The death of George Floyd and demands for changed attitudes toward race and changed approaches toward policing were marked in the Seattle area Saturday at iconic spots ranging from the Space Needle to Pike Place Market, and by thousands of demonstrators — in the morning by health care workers at Harborview Medical Center and at night on the lush green of Magnuson Park, with an event honoring the life of a mother fatally shot by police in her home three years ago.

But as night fell, the calls for change again zeroed in on the Seattle Police Department and its handling of the week’s protests. After officers used blast balls and pepper spray at about 7:30 p.m. to disperse a crowd on Capitol Hill — a day after an announced 30-day ban on tear gas — several elected officials showed up to issue their own kind of protest: De-escalate now, they urged.

The department and city leadership took heat in the crowd and on social media from politicians from the City Council, King County Council and the Legislature, and at 12:29 a.m. Sunday, the department reported that several officers had been hurt in the incident, with two taken to Harborview Medical Center with unspecified injuries.

According to the police department, a scene commander warned protesters at 11th Avenue and East Pine Street to stop pushing barriers, and then some people “began throwing bottles, rocks and incendiary devices” at officers. A photo provided by the police department of the devices thrown showed what appeared to be a candle.

Across town at about the same time, Kevin Norris, 29, was sitting on the ground at Magnuson Park. The human-resource manager and Bremerton resident remembered reeling from the 2017 death of Charleena Lyles in Seattle. He hadn’t joined other rallies commemorating the mother’s death, but felt spurred to join Saturday night’s gathering after a week of global protests over Floyd’s death.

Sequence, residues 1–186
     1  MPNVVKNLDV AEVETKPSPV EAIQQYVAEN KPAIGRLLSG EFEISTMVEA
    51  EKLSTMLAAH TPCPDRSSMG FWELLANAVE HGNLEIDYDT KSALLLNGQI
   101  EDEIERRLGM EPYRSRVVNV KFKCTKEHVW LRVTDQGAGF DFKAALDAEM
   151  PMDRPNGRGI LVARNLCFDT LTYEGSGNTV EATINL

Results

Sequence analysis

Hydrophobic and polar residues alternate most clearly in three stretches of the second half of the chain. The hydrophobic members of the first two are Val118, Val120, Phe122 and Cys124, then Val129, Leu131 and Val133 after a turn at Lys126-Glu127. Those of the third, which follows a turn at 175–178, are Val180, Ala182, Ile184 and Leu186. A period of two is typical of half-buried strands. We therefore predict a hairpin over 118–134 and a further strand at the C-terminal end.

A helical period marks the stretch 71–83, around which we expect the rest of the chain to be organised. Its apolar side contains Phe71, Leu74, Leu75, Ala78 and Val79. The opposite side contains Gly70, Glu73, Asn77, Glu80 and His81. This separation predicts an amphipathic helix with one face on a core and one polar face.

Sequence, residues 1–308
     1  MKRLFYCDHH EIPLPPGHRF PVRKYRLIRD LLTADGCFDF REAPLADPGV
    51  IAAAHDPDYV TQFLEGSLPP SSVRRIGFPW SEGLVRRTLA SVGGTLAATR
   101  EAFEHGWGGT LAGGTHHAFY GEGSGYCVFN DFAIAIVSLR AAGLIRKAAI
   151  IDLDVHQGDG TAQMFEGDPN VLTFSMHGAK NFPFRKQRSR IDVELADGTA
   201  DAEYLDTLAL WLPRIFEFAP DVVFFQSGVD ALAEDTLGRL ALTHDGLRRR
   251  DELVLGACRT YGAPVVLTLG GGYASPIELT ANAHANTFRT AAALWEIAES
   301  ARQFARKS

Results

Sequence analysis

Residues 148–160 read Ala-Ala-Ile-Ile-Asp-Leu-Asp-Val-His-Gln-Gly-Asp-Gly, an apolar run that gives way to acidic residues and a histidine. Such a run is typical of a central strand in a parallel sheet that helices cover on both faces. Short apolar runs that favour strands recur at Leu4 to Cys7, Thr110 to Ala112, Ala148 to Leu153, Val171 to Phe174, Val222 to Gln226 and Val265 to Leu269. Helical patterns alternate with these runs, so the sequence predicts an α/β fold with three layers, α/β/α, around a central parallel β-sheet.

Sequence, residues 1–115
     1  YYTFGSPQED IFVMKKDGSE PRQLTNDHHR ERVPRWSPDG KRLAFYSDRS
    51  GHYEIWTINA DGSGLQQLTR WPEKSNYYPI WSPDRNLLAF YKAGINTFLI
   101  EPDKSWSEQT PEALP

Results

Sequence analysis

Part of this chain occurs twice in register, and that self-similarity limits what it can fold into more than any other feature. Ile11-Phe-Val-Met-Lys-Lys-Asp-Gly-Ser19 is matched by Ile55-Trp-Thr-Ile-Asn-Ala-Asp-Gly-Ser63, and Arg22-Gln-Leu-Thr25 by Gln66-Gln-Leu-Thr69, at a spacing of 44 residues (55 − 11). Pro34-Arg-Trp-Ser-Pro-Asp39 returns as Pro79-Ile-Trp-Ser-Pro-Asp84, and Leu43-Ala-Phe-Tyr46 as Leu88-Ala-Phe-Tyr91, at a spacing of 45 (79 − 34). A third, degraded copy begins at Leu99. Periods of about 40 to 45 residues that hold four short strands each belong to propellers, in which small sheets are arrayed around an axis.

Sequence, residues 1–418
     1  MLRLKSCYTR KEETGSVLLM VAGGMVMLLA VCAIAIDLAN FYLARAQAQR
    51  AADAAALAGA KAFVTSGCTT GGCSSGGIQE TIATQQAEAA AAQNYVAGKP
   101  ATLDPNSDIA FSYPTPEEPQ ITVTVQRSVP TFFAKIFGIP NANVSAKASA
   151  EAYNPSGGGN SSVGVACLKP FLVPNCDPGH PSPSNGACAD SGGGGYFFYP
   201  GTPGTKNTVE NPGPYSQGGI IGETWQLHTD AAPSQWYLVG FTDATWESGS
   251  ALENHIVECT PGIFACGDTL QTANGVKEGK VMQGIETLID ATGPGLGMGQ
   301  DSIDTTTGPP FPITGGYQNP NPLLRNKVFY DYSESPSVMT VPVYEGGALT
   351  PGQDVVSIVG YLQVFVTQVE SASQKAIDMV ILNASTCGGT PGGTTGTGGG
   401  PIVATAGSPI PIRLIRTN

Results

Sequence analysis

“We have incidents here in our own state that go unnoticed,” said Norris. “This was one story that had a five-minute news flash.”


As a Black man, Norris feels it’s time for change. He wanted to highlight the killing of Lyles, a 30-year-old Black woman, because, he said, Black women also are targets of police brutality and their “names often get lost” in the news cycle.

At the time of Lyles’ death, police said she had one or two knives when the officers, who were white, arrived. They shot her seven times. The shooting drew community outrage and questions about why officers did not use less-than-lethal means to respond and whether they had appropriate crisis-intervention training.  

At the park, some wore black and carried signs that read “Defund SPD,” and “No more silence, we need justice.” Some marched toward University Village, where entrances were blocked. On Monday, some protesters smashed supermarket windows there and on Saturday, many stores were boarded up.

Saturday’s events drew regular activists and first-time protesters who were determined that the killing of Floyd, whose last moments were with his neck under the knee of a Minneapolis police officer, now propel the nation in a new direction.

In a video broadcast, Black Lives Matter Seattle – King County called for a statewide general strike and silent march on Friday.

“We’re calling on everyone in Washington state who is able to be there. If you can’t march in Seattle, organize one in your community,” board member Ebony Miranda said in a video news conference, asking people to participate despite the COVID-19 crisis.


“Anti-blackness is a greater threat to our survival, and racism in itself is its own pandemic. It’s killing us. We’re fighting to survive and thrive.”

The group said it had met Saturday with Seattle Mayor Jenny Durkan to discuss police-reform demands, including its call for cutting the police budget by $100 million.